From the Sahara Desert, we headed to Todgha Gorge. "The Gorge looks almost prehistoric with canyon walls that reach over 400 metres in height (higher than the Empire State Building in New York). One of Morocco's top attractions for visitors, it's a paradise for photography enthusiasts, climbers, bikers and hikers." 

Our expedition to Todgha Gorge was nothing short of thrilling. The journey began with a straightforward drive, but our path took a dramatic turn as we approached the majestic Atlas Mountains. We found ourselves navigating through winding roads, each turn building up our anticipation, until we finally arrived at the entrance of the Todgha Gorge.


"The Todgha Gorges are a series of limestone river canyons, or wadi, in the eastern part of the High Atlas Mountains in Morocco, near Tinerhir. The Todgha and neighbouring Dades Rivers are responsible for carving out these deep cliff-sided canyons on their final 40 kilometres through the mountains.

After winding the wandering highway, we came to the tallest, narrow Gorge and pulled over to walk the area.

Everywhere tourists might be, vendors sell rugs and other items, which was the case here as well, out in the middle of nowhere. I took a photo of a donkey, and its owner demanded that I pay for the photo. We spent time admiring the towering walls and viewing the walls, which reminded me of areas along the Sea to Sky highway in British Columbia, combined with the colouring of the Red Rock Canyon in Nevada. The more things are different, the more similarities there are. 

Despite snow on the Atlas mountains, little water showed where a river should rush. The lack of water raised concern about the area's crops of date, olives, figs, and almonds, which are essential to the economy. 

From that point, we headed to the next hotel in Tajdar, Riad Dar Chamaa. It was a nice stop for the evening, but unfortunately, it was not warm enough to use the pool. Mohammed and Mustapha spent their evenings watching the African Cup of Nations "football" tournament.

The next day, we explored the Ksar of Ait Benhaddou Kasbah, another Unesco site. A Ksar is a group of earthen buildings surrounded by high walls, a traditional pre-Saharan habitat. "The Ksar of Aït-Ben-Haddou, in Ouarzazate province, is a striking example of southern Moroccan architecture. The Ksar is a mainly collective grouping of dwellings. Inside the defensive walls, reinforced by angle towers and pierced with a baffle gate, houses crowd together - some modest, others resembling small urban castles with their high-angle towers and upper sections decorated with motifs in clay brick. Still, there are also buildings and community areas. It is an extraordinary ensemble of buildings offering a complete panorama of pre-Saharan earthen construction techniques. The oldest constructions do not appear to be earlier than the 17th century, although their structure and technique were propagated from a very early period in the valleys of southern Morocco."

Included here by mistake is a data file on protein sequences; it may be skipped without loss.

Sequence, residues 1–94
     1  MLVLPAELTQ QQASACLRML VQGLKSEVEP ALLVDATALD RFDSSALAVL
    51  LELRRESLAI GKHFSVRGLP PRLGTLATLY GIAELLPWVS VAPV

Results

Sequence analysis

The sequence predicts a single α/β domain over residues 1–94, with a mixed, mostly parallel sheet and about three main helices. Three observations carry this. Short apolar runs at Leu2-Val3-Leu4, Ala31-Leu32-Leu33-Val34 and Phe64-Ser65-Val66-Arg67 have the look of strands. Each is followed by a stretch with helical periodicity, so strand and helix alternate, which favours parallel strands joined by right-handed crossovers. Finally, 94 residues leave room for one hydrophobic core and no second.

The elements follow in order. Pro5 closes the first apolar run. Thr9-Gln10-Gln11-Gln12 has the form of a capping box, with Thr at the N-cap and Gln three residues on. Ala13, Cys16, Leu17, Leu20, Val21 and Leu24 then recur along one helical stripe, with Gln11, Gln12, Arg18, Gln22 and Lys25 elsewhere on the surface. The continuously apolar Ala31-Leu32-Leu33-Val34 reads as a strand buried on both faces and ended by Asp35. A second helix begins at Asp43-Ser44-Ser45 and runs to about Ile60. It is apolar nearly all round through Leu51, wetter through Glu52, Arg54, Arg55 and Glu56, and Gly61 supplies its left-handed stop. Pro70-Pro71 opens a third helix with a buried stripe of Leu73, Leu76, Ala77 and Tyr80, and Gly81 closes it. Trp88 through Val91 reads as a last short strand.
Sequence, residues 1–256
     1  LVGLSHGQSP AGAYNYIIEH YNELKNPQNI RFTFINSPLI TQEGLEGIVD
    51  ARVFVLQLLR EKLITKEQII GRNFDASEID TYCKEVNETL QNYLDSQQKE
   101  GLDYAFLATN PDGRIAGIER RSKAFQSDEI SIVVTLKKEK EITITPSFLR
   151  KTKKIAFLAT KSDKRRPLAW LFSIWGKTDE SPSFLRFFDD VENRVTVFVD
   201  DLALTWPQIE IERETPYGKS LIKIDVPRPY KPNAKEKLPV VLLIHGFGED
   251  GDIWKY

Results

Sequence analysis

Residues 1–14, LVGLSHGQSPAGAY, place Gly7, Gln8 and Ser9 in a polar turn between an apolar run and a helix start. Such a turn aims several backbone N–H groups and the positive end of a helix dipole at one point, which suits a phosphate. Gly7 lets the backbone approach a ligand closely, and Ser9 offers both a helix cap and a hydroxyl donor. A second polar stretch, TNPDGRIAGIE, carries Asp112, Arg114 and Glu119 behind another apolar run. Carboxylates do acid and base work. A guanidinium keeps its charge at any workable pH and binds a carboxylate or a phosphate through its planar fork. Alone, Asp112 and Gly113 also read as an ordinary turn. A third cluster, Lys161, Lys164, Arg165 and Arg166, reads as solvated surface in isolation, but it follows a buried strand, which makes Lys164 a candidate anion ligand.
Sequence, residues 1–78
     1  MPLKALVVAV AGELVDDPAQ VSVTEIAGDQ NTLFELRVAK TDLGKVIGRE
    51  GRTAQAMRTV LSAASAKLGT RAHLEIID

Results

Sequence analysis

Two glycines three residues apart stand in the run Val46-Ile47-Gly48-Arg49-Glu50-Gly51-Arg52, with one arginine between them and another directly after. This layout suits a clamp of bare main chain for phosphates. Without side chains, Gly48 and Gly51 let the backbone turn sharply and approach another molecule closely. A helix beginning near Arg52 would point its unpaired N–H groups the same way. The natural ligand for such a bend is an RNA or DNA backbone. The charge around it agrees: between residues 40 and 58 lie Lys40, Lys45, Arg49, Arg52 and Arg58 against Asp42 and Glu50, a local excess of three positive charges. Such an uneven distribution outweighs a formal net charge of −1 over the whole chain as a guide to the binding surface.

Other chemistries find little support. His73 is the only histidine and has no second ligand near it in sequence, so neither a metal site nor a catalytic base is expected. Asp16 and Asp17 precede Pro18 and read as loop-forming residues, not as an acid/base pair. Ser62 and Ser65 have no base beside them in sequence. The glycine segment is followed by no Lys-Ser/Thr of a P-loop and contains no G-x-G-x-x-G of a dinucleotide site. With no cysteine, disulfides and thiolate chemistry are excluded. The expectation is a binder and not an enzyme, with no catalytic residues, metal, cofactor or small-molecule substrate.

We had to traverse a low river outside to get close to the Ksar. I had to ensure my balance was good to get across.

On crossing, it was obvious that there were movie trailers outside the Ksar. Coming from a city known as Hollywood North, it was easily recognizable to me. Movies filmed here include:

Aït Benhaddou was also used in parts of  Game of Thrones, the Brazilian TV series O Clone and The Amazing Race Australia 6.

As we entered the structure, the prop crew added decorative items to the scene. I asked if I could get an extra role in the movie. I was told that might be possible, but it was up to the casting directors!

Again, there were many vendors with many items to choose from.

I stopped and watched a local artist make beautiful paintings of desert and mountain landscapes from natural pigments like saffron and tea. "For the yellow of the sand, he mixed saffron threads in water. For the blue of the sky, he used indigo in water. For the brown/black colour, he mixed green tea and sugar in water. After painting, he turned on a torch and gently heated the paper—the brushstrokes emerged on the page."


I continued to climb to the top of the Kasbah, where there was the remains of a large fortified granary.

There was some confusion with Mohammad as to when I was supposed to arrive in Essaouira. As a result I ended up with an unexpected night in Marrakesh. I was intending to spend a few days in Marrakesh in a Riad at the end of my stay in Morocco, so I choose to spend this time in the newer part of Marrakesh.

I will include my impressions in my overall thoughts on Marrakesh later in my stay. After my night and half day in Marrakesh Mustapha and I headed for the seaside town of Essaouria and my 2 week home exchange.

Until next time.......

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Gaye Tims

My name is Gaye and I am travel junkie in need of a fix. I have been torn between travel, creative arts and the law. Now I am giving into my creative side by including travel and lifestyle in my blog.
Vancouver, BC, Canada